The research, published in the August issue of the American Journal of Clinical Nutrition, Vol. 82, No. 2, 327-334, suggests that when animal foods are wholly excluded from the diet, the endogenous production of EPA (eicosapentaeoic acid) and DHA (docosahexaenoic acid) results in low but constant plasma concentrations of these fatty acids.
The protective effects of omega-3 against heart disease and cancers, have been well documented, with additional growing evidence suggesting omega-3 fatty acids could help the brain development of young children, as well as fighting the onset of Alzheimer's.
In this latest study researchers at Oxford University and King's College London compared plasma fatty acid composition in 196 meat-eaters, 231 vegetarians and 232 vegan men in the UK.
They examined whether the proportions of eicosapentaenoic acid, docosapentaenoic acid and docosahexaenoic acid were related to the period of time the consumer adhered to the diet, or the subjects' duration of adherence to their diets, or to the proportions of plasma linoleic acid and alpha-linolenic acid.
While proportions of plasma EPA and DHA were lower in the vegetarians and vegans than in the meat eaters, there was no significant difference among the vegetarians and vegans after examining the length of time the men had followed the diet - from between one to 20 years.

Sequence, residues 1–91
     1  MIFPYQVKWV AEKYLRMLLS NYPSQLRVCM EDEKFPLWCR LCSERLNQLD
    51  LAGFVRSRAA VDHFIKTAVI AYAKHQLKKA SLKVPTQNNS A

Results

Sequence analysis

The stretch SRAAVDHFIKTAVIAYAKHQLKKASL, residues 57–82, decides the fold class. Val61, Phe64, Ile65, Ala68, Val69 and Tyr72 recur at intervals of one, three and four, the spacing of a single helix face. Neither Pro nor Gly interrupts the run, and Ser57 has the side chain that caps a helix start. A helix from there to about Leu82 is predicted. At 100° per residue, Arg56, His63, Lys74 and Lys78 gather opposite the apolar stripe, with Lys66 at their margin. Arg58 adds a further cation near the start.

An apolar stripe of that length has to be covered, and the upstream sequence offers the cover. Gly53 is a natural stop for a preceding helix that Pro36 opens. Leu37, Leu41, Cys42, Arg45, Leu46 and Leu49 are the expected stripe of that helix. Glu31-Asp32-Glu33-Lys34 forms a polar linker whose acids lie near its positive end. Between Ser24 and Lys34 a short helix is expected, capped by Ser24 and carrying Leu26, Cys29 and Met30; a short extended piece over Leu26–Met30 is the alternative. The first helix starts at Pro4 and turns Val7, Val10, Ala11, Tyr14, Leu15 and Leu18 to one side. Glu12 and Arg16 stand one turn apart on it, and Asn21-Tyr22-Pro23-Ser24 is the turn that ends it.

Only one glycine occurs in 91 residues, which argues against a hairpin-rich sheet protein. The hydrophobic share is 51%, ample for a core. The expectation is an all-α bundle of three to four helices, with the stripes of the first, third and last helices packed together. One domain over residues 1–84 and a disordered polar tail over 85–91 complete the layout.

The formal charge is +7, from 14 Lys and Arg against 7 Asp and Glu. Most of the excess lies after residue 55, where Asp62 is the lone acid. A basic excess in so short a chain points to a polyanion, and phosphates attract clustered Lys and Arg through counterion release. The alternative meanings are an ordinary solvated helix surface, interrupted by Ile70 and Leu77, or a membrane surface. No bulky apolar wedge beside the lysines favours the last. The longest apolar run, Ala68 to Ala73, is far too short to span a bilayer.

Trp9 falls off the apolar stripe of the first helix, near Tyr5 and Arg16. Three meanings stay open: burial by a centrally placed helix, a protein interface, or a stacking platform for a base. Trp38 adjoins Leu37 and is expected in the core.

"Plasma EPA, DPA, and DHA proportions were not significantly associated with the duration of time since the subjects became vegetarian or vegan," report the researchers.
Adding that for the vegetarians and the vegans, plasma DHA was inversely correlated with plasma LA.
In 2004 the booming European omega-3 market was worth $194 million, according to Frost & Sullivan data, accounting for 28 per cent of global volumes. Growth is forecast to come in at strong rates of 8 per cent on average to 2010.